FIG. 1 shows schematically a digital filter architecture embodying this invention.
FIG. 2 is a schematic view of a second embodiment of the filter shown in FIG. 1.
FIG. 3 is a schematic view of an alternative embodiment of a filter according to the invention.
FIG. 4 is a schematic view of a second embodiment of the filter shown in FIG. 3.
With reference to the drawing figures, generally and diagrammatically shown at 1 is a digital filter architecture which embodies this invention and is effective to filter digital signals having high dynamic ranges. Basically, the architecture 1 can operate with digital signals S encoded with at least k bits, where k may be any number between eight and sixteen. This architecture 1 has a predetermined number of programmable digital filters 2 denoted by the acronym PFP. Such filters 2 have a structure known per se and described, for example, in Italian Patent Application 22954-A/88 by this Applicant.
Each filter 2 receives a given eight-bit sampled signal x(n), and outputs another sampled signal y(n) having a predetermined frequency response characteristic. The filter 2 is a so-called linear phase FIR (Finite Impulse Response) type, which means that, at each discrete time, the input signal x(n) and the output signal y(n) will be tied by the following relation: ##EQU1## from which it may be deduced that the output sample y(n) is only dependent on the present and past input samples. The coefficients a(i) are a finite number N and are obtainable from the response to the filter pulse. Furthermore, the filter 2 may be identified by a so-called transfer function H(z), expressed versus a complex variable z and defined as the ratio H(z) of the-transform Z of a sequence of output sampled signals y(nT) to the transform Z of a sequence of input sampled signals x(nT). The circuit-wise synthesis of that transfer function practically enables implementation of the filter 2 as a single PFP integrated circuit, whereby for each digital input x(n), an output y(n) given by equation (1) would be produced.
The signal inputs to the filter 2 are denoted by A0, . . . , A7, whilst the digital outputs are denoted by O0, . . . , O15. Advantageously, the architecture 1 includes a number m=2 of filters 2, where n=(k-8), in parallel with one another. Each filter 2 has the same transfer function.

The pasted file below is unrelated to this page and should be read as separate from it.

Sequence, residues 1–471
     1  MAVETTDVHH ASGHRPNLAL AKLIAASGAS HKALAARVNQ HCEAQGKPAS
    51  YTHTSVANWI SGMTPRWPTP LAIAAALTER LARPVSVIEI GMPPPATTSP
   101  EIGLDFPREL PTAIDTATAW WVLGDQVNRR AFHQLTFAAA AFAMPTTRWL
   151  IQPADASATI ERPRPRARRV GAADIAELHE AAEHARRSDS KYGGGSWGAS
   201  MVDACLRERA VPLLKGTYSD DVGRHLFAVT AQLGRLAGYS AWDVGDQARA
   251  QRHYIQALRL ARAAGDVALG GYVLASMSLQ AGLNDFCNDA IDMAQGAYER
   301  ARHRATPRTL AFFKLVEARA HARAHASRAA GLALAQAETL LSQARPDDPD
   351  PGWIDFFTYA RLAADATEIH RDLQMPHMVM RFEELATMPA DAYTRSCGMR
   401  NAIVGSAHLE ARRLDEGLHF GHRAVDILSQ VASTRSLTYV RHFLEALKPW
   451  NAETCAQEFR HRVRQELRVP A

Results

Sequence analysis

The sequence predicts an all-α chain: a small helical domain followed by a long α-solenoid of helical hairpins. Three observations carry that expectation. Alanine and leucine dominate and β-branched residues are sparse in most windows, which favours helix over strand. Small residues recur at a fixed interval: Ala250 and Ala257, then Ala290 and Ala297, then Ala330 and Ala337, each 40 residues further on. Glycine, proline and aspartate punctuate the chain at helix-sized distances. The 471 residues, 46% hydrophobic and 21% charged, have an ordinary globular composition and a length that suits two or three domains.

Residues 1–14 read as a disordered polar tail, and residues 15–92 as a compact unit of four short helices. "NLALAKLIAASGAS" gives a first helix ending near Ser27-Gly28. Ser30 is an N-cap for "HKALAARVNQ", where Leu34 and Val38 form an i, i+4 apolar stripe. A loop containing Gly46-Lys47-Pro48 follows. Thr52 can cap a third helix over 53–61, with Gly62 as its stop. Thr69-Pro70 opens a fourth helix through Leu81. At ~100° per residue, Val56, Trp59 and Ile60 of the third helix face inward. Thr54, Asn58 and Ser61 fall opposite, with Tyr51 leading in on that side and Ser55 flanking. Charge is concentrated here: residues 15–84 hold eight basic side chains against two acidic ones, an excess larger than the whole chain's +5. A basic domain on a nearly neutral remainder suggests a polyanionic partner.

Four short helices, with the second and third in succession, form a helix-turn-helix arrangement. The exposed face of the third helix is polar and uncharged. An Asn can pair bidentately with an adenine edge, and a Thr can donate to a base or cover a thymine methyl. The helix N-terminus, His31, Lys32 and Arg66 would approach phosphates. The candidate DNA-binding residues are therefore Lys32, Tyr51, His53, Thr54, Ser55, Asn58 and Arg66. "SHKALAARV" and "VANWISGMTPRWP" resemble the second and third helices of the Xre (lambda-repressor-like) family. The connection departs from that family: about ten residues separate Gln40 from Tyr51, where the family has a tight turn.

The architecture of this invention exploits the ability of each filter 2 to handle a digital signal quantized to eight bits. To this purpose, the input signal S is split into m portions, each represented by an eight-bit coding.
As shown in FIG. 1, the signal S is applied to a decoder D which selects the eight most significant bits and outputs a signal S1. This signal S1 is a first component of the original signal S, and is applied directly to the inputs A0, . . . , A7 of a first filter 2. The signal S1 is also applied to a adder block 4 which receives on another input, the bit having the greatest weight of the least significant portion of the signal S resulting from the selection performed in block D.
As the embodiment shown in FIG. 1 represents an instance where the signal S has a nine-bit coding, a single bit a0, the very least significant bit in the S coding, will be transferred from the decoder D to the adder 4. Thus, at the output of the adder 4, a second, eight-bit signal S2 is produced which will be addressed to the input side of a corresponding second PFP filter. The outputs from the first and second filters are summed together in a block 5 to reconstitute the output signal correctly.
For the purpose of showing a more general aspect of the inventive concept, it is noted that when a higher dynamic range is provided for the input signal S, i.e. the signal is encoded with a larger number of bits, it will be sufficient to merely increase the numbers of the filters 2 and the adders 4 arranged in parallel.
The filtering method of this invention provides for the output sample signal to be found by the following computation: ##EQU2## where, N is the filter size, k is the dynamic range of the input signal, and m is equal to 2.sup.(k-8).
To further describe how the inventive method can be carried out, the instance will now be discussed of an input signal S being encoded with ten bits. As a consequence, S is a digital signal having a value of from 0 and 1020 and which should be split, in accordance with the inventive method, into m=2.sup.(10-8) =4 signal components, each with an eight-bit coding. If S is expressed as a sequence of bits aj, each with an indication of its respective weight, it is found that:
S=a9 a8 a7 a6 a5 a4 a3 a2 a1 a0
Hence, the four components into which that signal can be split are:
where, INT is a symbol representing the integer value of the ratio in brackets.
Each component is encoded with eight bits, and is addressed to the input side of a corresponding filter 2 to be filtered in .accordance with the specifications of a predetermined transfer function. The outputs of the various parallel-connected filters 2 are summed together to reconstitute the proper coding sequence for the output signal.